We are not built for this. We are not designed, at our core, to be able to absorb, at a glance and a click, a tweet and a ruthless video feed, all the ills and horrors of the world, all at once, all manner of chaos and destruction in a nonstop bloody flood over which we are powerless to influence and impotent to stop.
The Boston bombings have forced us, once again, to ask: Are we in an age of miracles or misery? Unhindered magic or cruel dystopia? Is it both? How can it possibly be both? This tech-enabled onslaught of violence and pain the likes of which our ancestors, even as recently as 50 years ago, never had to deal with and could not possibly imagine? It is not within our emotional capacity. Not without serious scarring, anyway.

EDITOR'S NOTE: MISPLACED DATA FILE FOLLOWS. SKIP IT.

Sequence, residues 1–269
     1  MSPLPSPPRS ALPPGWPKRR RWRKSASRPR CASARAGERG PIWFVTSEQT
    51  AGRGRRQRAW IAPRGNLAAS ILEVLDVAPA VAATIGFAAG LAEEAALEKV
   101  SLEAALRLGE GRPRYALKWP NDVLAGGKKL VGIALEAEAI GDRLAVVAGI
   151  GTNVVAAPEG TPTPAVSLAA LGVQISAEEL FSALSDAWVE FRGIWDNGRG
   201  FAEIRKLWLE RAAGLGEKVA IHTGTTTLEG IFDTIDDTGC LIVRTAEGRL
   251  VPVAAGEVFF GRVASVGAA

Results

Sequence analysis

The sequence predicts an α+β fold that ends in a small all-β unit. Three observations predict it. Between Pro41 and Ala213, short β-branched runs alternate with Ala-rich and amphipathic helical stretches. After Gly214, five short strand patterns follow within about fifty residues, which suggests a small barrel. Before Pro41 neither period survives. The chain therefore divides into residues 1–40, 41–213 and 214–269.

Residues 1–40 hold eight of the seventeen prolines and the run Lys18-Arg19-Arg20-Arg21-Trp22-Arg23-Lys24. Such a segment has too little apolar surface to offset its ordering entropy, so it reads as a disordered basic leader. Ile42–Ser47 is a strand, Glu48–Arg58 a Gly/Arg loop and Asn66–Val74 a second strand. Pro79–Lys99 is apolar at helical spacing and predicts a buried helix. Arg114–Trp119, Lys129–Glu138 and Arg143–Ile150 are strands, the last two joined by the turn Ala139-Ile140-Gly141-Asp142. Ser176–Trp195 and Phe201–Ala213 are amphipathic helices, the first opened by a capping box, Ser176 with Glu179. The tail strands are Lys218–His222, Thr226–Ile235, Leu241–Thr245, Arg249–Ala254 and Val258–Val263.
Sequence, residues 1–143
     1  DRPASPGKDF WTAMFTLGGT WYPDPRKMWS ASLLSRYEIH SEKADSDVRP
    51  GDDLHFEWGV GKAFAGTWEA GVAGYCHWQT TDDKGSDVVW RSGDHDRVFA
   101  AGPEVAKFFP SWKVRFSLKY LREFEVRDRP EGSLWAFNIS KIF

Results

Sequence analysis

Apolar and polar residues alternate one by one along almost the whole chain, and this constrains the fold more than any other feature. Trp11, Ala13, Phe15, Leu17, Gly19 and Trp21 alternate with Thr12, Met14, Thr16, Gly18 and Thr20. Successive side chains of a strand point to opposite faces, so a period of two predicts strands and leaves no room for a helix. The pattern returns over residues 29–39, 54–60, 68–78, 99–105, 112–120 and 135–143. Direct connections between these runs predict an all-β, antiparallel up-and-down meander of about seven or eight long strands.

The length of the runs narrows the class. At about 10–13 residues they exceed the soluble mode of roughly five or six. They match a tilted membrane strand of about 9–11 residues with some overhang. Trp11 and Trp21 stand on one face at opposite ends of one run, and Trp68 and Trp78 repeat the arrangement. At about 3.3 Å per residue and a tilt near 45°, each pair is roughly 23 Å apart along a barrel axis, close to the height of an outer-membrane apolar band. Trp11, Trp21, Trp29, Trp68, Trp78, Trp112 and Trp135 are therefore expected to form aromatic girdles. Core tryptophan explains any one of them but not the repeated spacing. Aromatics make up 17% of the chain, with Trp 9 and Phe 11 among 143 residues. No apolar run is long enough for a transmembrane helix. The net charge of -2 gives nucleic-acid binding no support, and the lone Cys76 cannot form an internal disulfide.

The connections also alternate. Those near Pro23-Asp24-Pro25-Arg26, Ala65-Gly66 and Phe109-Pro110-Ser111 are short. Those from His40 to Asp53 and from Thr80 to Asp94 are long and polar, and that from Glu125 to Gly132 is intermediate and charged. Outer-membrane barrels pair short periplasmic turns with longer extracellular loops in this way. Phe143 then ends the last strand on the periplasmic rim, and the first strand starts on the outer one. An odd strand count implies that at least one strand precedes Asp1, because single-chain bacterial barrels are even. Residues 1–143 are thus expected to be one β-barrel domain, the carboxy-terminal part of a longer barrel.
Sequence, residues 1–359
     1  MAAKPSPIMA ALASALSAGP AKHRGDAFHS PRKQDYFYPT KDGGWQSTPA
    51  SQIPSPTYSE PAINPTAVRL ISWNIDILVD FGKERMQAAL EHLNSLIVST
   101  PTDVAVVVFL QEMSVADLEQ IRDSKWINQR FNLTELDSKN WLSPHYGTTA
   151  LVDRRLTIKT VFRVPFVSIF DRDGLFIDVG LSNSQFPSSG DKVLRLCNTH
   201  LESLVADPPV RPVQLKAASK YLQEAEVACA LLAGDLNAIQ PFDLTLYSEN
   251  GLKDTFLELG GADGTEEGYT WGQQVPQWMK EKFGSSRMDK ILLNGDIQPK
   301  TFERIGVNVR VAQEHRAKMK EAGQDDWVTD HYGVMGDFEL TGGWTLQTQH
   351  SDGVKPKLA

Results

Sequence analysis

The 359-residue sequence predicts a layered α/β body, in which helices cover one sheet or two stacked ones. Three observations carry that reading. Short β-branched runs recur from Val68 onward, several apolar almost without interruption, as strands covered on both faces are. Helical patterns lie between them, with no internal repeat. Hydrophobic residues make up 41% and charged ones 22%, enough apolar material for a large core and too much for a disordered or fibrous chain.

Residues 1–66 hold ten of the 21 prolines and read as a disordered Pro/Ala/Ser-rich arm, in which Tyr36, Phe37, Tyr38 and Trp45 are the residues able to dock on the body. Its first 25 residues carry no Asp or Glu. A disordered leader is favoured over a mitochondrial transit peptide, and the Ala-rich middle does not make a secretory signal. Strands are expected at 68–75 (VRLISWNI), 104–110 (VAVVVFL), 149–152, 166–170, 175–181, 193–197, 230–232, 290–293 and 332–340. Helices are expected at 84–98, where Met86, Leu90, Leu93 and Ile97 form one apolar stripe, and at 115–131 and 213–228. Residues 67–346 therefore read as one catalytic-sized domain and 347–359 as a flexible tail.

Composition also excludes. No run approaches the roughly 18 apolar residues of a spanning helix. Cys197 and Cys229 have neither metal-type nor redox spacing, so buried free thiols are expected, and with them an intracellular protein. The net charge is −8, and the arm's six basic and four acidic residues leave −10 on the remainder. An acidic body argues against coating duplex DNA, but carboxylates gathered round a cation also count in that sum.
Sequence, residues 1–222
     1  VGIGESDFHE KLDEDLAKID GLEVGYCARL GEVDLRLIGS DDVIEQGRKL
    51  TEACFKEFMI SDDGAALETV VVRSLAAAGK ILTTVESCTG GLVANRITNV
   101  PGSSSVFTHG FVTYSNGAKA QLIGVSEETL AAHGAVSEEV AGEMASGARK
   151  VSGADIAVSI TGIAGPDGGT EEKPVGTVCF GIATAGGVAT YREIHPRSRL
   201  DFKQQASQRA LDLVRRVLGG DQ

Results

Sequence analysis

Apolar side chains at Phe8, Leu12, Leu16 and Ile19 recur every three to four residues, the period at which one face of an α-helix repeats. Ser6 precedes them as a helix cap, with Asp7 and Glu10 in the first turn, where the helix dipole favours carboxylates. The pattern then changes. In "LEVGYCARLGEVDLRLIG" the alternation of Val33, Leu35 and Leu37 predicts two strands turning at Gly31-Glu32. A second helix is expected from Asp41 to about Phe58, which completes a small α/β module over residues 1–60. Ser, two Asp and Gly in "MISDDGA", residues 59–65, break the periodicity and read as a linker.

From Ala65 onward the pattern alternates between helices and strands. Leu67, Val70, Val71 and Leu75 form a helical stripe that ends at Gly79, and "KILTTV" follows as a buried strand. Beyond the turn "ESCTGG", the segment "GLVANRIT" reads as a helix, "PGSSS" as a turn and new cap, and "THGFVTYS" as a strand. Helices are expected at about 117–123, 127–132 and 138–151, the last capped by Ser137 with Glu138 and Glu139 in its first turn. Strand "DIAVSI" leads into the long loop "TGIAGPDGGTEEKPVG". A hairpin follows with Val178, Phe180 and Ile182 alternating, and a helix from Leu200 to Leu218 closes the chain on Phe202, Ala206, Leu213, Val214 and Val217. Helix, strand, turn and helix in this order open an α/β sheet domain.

The answer is almost always the same, but increasingly lost in the modern bedlam of technology: In times of violent, faraway tragedy, you do the only thing possible: You gather in, hold tight, and take care of those close to you. As feeble as it sounds, as meek as you feel, this is the only way. This is also the best way. To help. To be a part. To avoid shutting down, hardening, adding more suspicion and mistrust to the world.